As the video faded to black and the house lights came back up, Alan joined the applause and smiled as he introduced the scholars and asked them to stand. A spotlight moved from Johnny, to Andrew, to Alicia and finally to Gloria. Alan allowed enough time to applause and announced, “Dessert and coffee will be served. Enjoy your evening, ” as the wait staff moved quickly into the room to serve dessert and coffee.
The entire show was edited into a 12 minute piece (including the 7-minute segment) in a Philadelphia studio and made available along with B-Roll for media use. Some media outlets found additional footage of Gloria Beck to add regional relevance to news stories about the thespian’s scholarship award. With that Gloria was the star of the show. The availability of actor head shot images helped make Gloria the star in print too. The kid from Lehigh Valley, Pennsylvania appeared in newspapers in Philadelphia, Allentown and in New Jersey’s Star Ledger almost overnight whereas more generic stories appeared via UPI and Business Wire on in national media across the country. A minority-owned production company located in Newark, New Jersey contacted Abbeshire & Bluestone the following Monday morning about producing a show for PBS with a grant they had received. Dan Bluestone was all over that one (with some guidance from Jan.) The fearless foursome introduced in the 7-minute video became a launch point for a bigger story on college, careers and the arts. With Dan’s help the production company was able to produce a show that showcased a cappella Andrew, a scene from Streetcar Named Desire in which Gloria played the intrepid Blanche DuBois, Alicia Apricot in a hard hat on a job site and Johnny Appleseed in a law library. The 30 minute production was a hopeful story the future of education and the arts with a dose of business reality in approaching college. The show would be part of a series exploring the nature of education. The AEFFSF would get a mention but the individual stories were compelling enough.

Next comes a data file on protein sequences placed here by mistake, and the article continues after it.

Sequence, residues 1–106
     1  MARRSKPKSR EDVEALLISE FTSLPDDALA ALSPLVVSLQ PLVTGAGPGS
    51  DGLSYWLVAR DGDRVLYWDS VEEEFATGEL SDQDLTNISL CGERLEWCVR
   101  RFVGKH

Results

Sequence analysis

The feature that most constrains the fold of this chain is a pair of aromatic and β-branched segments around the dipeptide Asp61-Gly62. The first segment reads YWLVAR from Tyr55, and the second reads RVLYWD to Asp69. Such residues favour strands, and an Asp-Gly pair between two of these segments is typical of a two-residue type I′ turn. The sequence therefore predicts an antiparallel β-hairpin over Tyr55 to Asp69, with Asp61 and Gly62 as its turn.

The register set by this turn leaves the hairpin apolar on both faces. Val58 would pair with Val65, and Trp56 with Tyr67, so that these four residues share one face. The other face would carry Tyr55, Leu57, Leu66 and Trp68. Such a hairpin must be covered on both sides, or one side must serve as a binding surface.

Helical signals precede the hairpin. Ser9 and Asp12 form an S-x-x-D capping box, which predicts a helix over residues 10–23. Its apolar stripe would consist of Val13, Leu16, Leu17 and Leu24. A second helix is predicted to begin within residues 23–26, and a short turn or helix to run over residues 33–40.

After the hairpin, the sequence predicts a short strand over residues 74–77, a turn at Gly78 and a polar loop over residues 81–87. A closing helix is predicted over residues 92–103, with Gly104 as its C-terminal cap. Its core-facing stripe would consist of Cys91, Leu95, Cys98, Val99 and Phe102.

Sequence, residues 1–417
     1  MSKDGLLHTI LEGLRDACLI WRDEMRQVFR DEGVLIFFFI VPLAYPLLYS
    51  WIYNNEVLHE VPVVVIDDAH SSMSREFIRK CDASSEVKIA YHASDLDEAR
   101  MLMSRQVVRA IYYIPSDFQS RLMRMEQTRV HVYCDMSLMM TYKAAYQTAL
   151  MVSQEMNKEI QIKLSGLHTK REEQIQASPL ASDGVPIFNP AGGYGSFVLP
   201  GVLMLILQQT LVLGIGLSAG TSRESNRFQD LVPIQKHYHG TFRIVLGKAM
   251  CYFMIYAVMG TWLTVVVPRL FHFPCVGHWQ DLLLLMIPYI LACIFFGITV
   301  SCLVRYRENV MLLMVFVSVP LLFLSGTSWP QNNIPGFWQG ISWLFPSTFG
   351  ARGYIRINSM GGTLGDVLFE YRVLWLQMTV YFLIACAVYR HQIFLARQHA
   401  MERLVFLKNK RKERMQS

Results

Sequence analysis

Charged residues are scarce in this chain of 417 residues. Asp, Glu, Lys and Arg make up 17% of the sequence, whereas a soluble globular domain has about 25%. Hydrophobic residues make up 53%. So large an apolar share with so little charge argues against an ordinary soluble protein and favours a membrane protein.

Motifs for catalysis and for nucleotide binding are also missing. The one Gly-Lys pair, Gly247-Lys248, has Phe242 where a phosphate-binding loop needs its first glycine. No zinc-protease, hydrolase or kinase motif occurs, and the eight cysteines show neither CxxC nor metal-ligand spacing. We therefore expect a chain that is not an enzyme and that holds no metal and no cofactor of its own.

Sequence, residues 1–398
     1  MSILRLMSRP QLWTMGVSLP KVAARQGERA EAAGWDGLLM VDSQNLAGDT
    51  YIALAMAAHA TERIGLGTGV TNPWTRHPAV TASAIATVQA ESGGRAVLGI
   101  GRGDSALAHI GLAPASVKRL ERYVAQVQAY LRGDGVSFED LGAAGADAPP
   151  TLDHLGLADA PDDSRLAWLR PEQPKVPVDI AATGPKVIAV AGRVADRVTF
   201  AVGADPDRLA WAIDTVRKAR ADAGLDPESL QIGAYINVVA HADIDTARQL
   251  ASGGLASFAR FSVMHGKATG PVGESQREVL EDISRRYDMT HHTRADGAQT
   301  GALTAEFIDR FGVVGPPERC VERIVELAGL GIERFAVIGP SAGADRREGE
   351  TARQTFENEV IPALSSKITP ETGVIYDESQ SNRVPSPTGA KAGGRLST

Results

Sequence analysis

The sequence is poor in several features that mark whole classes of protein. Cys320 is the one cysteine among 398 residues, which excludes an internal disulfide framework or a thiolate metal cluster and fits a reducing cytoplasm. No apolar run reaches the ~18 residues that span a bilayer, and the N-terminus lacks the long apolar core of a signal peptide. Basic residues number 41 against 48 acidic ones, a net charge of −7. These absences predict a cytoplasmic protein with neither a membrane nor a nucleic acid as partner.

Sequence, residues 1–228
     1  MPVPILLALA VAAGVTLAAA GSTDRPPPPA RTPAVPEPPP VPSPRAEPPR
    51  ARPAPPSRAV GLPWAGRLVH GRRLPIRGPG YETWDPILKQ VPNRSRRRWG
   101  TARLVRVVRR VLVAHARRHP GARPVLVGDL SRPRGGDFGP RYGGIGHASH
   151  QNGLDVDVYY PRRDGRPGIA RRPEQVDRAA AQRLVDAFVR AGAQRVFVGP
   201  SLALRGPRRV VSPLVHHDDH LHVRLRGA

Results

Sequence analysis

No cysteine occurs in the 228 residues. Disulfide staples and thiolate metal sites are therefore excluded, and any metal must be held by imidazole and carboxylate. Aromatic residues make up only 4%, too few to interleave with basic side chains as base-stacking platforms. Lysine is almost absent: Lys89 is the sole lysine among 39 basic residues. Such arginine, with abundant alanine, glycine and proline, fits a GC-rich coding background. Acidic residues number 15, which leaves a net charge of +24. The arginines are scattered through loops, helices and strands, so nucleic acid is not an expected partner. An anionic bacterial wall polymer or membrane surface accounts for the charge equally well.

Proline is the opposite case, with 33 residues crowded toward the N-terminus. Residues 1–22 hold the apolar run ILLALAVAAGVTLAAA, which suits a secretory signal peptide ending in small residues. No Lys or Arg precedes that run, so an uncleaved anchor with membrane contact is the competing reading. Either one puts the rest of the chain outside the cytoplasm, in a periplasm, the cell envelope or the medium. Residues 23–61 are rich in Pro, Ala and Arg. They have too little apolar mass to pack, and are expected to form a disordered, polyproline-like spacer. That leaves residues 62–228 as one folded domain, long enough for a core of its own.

Daniel Bluestone loved it when a chain-reaction of events would spin into new production and spark creative energy. He loved the art of juggling production elements and building content even if it would end up further manipulated by an independent production company or for local broadcast news. This gala evening and the AEFFSF story was starting to look to him like a perennial flower for his agency. It was a beautiful mixture of documentary and commercial story telling. Dan could not help thinking, “This is really turning into an intriguing human interest story as these kids move into the real world as AEFFSF protégé. Small towns: Red Bud, Arlington, Galena and Lehigh Valley. Different ambitions: Lawyer, Musician, Construction Manager and Film Actress. All of middle income backgrounds. All given an unexpected jump on life with freedom to pursue a formal education. And so far, it looks like they all will achieve a measure of success.
As a side note: Dan enjoyed spending time with each of the scholars and was impressed how they seemed to naturally blended together as friends by virtue of a shared set of circumstances. It was Dan who hosted the group on a field trip, prior to the evening gala, to visit the new home of the Barnes Foundation which opened in 2012. The Barnes Foundation was established by Albert C. Barnes in 1922 to “promote the advancement of education and the appreciation of the fine arts and horticulture.” Andrew Valentine emerged as an impromptu docent tour/guide at The Barnes. “This collection is one of the finest of Post-Impressionist and early Modern paintings, with extensive works by Pierre-Auguste Renoir, Paul Cézanne, Henri Matisse, Pablo Picasso, Henri Rousseau, Amedeo Modigliani, Chaim Soutine and Giorgio de Chirico, as well as American masters Charles Demuth, William Glackens, Horace Pippin and Maurice Prendergast.” He read from a brochure adding matter of factly, "...from about 1910, when he was in his late 30s, Barnes began to dedicate himself to the study and collecting of art. He commissioned one of his former high school classmates, the painter William Blackens who had been living in Paris, to buy several modern French paintings for him. In 1911, Barnes gave Glackens $20,000 to buy paintings for him in Paris. Glackens returned with the 20 paintings that formed the core of Barnes' collection."Later in the week, Jan noticed an increasing interest in AEFFSF among colleges and universities too. Somewhere along the line the Abbeshire & Bluestone PR contact information for inquiries started to become a referral for schools looking for innovative ways to promote their schools. It seems that AEFFSF scholars all generated great features about the schools. Jan and Dan knew this was true for Oberlin. “Small world.” Dan said to the Temple University Director of Admissions he met in the edit suite in Philadelphia. He just happened to be there to approve a student recruitment film at the same time Dan was directing the gala video and B-roll media packages.